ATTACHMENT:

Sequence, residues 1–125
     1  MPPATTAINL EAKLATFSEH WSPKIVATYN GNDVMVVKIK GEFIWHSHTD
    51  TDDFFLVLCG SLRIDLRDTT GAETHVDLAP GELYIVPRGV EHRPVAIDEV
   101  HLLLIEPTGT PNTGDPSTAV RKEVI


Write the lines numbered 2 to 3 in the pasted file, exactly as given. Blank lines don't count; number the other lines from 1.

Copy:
     1  MPPATTAINL EAKLATFSEH WSPKIVATYN GNDVMVVKIK GEFIWHSHTD
    51  TDDFFLVLCG SLRIDLRDTT GAETHVDLAP GELYIVPRGV EHRPVAIDEV